I could continue on for hours about how our car-centric culture drives systemic poverty, racism, school segregation, police violence, and mass-incarceration, but I only have 10 minutes, so I will save those for another time. But before I move on, can we just acknowledge one thing—that the act of driving is usually just plain miserable. I mean, am I the only one here who, while stuck in traffic at the Jane Byrne interchange, has the impulse to climb on top of my car and scream, “This is madness! If we just worked together, we could have it so much better!!”

How have we gotten to this point?

Why do we subject ourselves so readily to so much harm, all for the sake of getting to our destination a little bit easier?

Why is it when the status quo limits just enough of our individual discomfort that we dare not ask for better, even when we know the status quo isn’t working?

Why do we fail to see that a little more input could lead to an exponentially better output?

Why do we refuse to expect more from our journeys?

What would the world look like if we could take that common complacency and turn it into collective courage?

This brings us to our gospel reading, where we find Jesus delivering the Sermon on the Mount. Jesus clearly did not believe in the merits of a 10-minute, three-point sermon…seriously, this thing is a doozy. He takes what the disciples and the crowds thought they knew about religion and turns it all on its head.

According to Matthew’s account, Jesus began this sermon with the beatitudes, teaching that blessings come not when we are confident in what we have, but when we are clear about we need. He moves on to metaphors about salt and light, showing that a religion that does not season and illuminate the world around it is useless and should be thrown away. He starts teaching about the law, the foundation of Jewish faith and asserts that the religious leaders of the day had gotten it wrong. Like in our reading today, Jesus takes the sins that would have been technically disqualifying to salvation in Judaism and uses them to show there is no such thing as a perfect score. In the rest of the sermon he teaches the crowd to turn the other cheek, to love their enemies, to give with humility, to pray simply, to set aside worry, to resist the temptation to judge, to seek boldly, and to build their faith on solid ground. I told you this sermon was a doozy. But at its core, Jesus teaches that right relationship with God only comes with right relationship to each other. Holiness is a journey, not a destination. You see, the power of Jesus’s message was not the solace of assured salvation. The religious leaders of the day were already offering that. The power of his ministry was that he was bold enough to cry out against the status quo that missed the point, to dare the world to give up complacency for courage, to stop focusing only on the destination and reclaim the journey.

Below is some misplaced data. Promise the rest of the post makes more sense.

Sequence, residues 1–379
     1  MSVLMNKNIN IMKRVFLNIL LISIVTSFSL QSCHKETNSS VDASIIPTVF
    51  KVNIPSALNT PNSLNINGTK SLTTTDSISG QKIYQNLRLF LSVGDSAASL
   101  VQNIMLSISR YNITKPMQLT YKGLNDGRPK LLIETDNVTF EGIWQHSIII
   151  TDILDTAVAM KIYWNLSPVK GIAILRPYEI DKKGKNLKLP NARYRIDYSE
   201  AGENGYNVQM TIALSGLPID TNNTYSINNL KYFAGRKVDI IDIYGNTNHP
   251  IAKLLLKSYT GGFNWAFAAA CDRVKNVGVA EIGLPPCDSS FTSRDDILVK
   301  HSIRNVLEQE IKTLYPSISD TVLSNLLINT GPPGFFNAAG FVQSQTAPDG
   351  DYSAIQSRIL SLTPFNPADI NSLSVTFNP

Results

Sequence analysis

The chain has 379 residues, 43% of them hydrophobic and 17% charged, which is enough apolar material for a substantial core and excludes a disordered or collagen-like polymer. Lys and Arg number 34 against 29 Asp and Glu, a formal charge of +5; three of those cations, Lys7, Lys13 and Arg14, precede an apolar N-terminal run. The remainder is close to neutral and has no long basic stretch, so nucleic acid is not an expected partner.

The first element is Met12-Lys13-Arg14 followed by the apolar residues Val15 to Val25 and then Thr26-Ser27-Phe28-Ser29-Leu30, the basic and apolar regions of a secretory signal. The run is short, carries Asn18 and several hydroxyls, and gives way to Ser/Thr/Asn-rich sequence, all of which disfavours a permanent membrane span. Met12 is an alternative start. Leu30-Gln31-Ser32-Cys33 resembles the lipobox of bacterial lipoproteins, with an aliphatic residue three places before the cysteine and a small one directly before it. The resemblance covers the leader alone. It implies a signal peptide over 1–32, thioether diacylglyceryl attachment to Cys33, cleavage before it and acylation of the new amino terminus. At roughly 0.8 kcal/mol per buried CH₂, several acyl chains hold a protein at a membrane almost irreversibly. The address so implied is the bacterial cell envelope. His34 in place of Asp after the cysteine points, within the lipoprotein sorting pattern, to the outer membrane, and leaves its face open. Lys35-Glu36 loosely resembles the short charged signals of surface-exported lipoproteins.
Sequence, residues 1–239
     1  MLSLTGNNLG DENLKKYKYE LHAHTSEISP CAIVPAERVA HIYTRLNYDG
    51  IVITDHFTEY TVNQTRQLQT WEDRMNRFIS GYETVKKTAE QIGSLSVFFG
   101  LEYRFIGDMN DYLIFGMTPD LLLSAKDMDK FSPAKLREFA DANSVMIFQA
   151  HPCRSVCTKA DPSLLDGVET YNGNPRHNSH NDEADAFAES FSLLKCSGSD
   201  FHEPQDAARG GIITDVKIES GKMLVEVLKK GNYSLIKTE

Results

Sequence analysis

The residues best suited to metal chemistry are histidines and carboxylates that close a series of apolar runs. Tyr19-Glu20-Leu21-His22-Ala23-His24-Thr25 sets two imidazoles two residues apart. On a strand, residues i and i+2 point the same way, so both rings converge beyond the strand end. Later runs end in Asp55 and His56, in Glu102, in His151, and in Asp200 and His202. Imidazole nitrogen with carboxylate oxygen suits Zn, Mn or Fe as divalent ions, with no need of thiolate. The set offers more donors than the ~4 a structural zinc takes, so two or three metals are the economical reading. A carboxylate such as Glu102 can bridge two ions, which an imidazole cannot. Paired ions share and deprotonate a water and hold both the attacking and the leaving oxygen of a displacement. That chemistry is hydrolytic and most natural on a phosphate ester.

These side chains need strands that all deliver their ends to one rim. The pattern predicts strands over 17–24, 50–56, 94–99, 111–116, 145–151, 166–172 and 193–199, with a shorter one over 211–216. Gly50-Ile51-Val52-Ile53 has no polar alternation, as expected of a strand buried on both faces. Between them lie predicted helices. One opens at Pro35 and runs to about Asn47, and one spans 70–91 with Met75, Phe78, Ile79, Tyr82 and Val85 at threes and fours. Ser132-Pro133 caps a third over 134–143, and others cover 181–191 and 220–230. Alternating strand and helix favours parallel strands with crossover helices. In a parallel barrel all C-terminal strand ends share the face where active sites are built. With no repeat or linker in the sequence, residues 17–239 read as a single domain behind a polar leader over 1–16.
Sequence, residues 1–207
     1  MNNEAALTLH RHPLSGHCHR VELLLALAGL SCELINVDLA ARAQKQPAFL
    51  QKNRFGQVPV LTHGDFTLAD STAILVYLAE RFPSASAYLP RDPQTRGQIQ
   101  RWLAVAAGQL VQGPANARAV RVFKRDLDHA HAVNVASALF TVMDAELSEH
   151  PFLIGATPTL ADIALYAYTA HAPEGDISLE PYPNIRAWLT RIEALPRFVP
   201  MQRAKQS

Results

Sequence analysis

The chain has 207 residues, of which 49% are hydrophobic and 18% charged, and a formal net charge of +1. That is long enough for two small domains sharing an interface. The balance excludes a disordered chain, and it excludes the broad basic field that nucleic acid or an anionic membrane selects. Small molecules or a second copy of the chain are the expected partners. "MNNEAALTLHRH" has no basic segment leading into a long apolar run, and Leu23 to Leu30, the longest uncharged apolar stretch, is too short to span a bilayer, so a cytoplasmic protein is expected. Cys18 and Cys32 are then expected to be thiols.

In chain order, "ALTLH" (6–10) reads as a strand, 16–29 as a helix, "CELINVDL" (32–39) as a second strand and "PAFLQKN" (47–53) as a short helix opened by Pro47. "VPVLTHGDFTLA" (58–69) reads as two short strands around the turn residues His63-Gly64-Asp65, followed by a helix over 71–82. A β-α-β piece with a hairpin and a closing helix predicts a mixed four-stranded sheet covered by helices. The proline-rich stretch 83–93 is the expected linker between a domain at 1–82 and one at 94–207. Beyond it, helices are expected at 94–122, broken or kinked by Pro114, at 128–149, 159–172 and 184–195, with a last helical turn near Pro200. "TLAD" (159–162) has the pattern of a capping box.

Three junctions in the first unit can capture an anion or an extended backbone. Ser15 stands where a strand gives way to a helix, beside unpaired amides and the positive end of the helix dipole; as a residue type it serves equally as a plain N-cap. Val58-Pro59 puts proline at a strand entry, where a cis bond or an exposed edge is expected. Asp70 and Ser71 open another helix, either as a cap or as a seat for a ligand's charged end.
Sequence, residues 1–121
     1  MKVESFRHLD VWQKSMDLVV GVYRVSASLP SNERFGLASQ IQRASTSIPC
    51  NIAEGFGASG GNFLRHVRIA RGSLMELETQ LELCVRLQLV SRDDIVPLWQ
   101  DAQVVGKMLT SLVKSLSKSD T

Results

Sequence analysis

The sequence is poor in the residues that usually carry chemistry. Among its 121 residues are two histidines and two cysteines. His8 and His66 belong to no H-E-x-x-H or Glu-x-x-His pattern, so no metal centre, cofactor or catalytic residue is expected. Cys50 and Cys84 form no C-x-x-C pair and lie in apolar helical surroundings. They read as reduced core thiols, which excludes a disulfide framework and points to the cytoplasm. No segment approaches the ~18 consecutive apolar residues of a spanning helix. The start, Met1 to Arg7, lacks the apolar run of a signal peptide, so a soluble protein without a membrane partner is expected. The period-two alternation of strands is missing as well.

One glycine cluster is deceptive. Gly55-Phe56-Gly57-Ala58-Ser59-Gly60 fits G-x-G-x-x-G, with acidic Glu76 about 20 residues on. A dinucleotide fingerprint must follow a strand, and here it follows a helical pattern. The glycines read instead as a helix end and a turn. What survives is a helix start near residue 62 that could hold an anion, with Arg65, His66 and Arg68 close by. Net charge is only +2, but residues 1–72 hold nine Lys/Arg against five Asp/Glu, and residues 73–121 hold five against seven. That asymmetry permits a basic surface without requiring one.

Dear friends, as we move into Lent, a season of spiritual discipline, I challenge you to disrupt your journeys. Turn your focus from the destination and be present as you travel. Train your eyes to see your fellow travelers. There is power in the shared journey. Make space for your souls to connect, weave stories from disparate threads, sing songs with resonant notes, stain your cheeks with common tears. Embrace your vulnerability, do not fear discomfort. Believe that a little more input can yield an exponentially better output. And remember the gospel message that the journey that is not traveled boldly enough to lead to the cross is a journey that will never experience the wonder of the resurrection. So let us trade our complacency for courage and reclaim the journey. Amen